We pay so much attention to past performance because pedigree is important to us. We do not want to invest our money in an unknown fund.

Of course, it is important to keep in mind that good pedigree does not mean good performance in the future.

While quantitative methods help build investor confidence while choosing a fund, they are vital while evaluating a holding and for portfolio analysis.

If our portfolio return sudden changes (either positively or negatively), quantitative methods help us to locate the hero or culprit and more importantly, the extent of outperformance or underperformance, as the case maybe.

However, identifying and analyzing culprits (assuming heroes are not analyzed like in the current bull run!) is one thing. Exiting a fund or stopping investments based on this data is quite another.

One should not exit the fund unless we are clear about the investment strategy, the nature of stocks in the portfolio, the market outlook (and of course, when we need the money). The fund managers track record during a market cycle, and the AMCs pedigree in terms of strategy are also important.

Also, while choosing a fund, it is important to understand what kind of fund it is. What is the investment strategy. If an identical fund exists in the portfolio. Will the portfolio become more diversified if we buy this fund.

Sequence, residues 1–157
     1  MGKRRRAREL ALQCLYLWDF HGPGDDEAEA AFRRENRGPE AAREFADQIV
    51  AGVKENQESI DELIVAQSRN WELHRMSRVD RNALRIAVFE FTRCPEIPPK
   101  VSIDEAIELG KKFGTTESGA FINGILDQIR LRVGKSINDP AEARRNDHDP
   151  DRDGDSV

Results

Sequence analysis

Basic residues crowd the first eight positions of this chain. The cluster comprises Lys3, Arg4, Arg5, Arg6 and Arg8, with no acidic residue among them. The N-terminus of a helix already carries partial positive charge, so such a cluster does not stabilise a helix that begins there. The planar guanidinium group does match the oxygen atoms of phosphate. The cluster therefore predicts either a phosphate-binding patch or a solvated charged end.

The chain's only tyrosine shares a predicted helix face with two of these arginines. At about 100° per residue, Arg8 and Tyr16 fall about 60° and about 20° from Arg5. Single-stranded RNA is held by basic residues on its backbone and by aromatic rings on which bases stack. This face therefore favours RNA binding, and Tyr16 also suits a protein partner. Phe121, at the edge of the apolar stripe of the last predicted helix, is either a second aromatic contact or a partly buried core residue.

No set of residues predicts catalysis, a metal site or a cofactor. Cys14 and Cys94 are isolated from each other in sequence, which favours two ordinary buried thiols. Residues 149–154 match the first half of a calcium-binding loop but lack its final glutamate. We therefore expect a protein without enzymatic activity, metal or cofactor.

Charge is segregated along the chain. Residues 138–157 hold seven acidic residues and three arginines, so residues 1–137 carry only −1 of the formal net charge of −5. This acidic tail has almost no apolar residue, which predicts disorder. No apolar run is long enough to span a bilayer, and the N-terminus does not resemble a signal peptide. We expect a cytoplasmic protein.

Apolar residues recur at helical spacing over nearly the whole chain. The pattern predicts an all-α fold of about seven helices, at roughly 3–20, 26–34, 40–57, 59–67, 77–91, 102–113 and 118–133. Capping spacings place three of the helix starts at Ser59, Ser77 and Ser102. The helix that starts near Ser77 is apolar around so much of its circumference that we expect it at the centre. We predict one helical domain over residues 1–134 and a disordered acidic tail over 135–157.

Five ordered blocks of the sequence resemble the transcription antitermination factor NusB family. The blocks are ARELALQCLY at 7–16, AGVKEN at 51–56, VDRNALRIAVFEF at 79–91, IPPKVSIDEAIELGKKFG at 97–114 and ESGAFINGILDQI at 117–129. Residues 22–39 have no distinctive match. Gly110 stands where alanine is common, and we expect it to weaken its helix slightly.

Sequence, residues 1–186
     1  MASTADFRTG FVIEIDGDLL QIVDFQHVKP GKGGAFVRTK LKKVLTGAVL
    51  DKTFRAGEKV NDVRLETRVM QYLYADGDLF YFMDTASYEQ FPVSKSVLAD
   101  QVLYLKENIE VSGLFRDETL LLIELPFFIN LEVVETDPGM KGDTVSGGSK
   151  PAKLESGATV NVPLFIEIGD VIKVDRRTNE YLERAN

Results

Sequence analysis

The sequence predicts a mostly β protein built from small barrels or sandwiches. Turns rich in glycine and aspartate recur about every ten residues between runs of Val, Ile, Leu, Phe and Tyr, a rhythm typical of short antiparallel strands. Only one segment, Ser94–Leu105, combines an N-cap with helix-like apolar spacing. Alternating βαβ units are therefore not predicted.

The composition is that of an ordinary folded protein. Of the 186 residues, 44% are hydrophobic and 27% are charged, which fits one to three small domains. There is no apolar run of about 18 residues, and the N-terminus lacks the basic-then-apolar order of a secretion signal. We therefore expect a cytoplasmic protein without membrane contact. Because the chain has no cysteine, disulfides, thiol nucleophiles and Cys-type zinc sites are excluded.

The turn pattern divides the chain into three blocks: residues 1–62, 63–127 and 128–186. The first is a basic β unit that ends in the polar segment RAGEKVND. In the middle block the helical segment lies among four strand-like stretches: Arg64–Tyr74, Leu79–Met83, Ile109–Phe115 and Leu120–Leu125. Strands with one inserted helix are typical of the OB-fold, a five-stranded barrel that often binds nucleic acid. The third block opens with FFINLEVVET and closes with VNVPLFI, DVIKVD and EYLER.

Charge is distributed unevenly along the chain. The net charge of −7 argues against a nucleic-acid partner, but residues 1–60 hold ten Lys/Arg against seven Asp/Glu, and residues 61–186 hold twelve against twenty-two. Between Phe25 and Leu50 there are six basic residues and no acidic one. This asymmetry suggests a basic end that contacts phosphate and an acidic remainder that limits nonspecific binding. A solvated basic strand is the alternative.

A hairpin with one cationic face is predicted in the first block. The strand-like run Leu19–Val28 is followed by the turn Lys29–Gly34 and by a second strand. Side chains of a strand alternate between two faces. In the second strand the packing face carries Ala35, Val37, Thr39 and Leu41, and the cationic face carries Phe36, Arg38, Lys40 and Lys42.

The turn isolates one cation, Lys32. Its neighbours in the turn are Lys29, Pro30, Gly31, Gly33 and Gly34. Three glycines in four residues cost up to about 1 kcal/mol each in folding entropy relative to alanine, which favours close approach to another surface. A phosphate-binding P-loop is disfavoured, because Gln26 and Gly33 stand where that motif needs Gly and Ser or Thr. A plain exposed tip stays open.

This is where qualitative analysis helps us make better decisions.



Qualitative analysis is the study of the internal machinery associated with a mutual fund. The nature of the portfolio. The type of stocks chosen. How often the fund manager makes changes. The overlap with the benchmark. What is the strategy of the fund? Has it remained true to its mandate. Has the stock-picking style changed with fund manager (or fund house after a take-over or merger!).The pedigree of fund house.

Both methods use mathematics. The word qualitative does not imply that math is not used!

For example, a fund is classified as a ‘growth fund’ or ‘value fund’ by studying the price-to-earnings (PE) and price-to-book (PB) ratios of the stocks in the portfolio.